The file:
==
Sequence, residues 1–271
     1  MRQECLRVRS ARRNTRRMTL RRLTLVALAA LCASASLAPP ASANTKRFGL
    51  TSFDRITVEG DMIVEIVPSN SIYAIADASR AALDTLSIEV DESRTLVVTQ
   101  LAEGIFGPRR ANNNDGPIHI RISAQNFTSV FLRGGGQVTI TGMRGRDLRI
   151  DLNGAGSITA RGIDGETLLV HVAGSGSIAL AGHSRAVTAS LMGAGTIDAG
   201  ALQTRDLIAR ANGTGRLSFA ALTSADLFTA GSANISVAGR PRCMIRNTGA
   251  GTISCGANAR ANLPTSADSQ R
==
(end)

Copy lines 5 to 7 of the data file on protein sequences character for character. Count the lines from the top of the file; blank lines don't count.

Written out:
   151  DLNGAGSITA RGIDGETLLV HVAGSGSIAL AGHSRAVTAS LMGAGTIDAG
   201  ALQTRDLIAR ANGTGRLSFA ALTSADLFTA GSANISVAGR PRCMIRNTGA
   251  GTISCGANAR ANLPTSADSQ R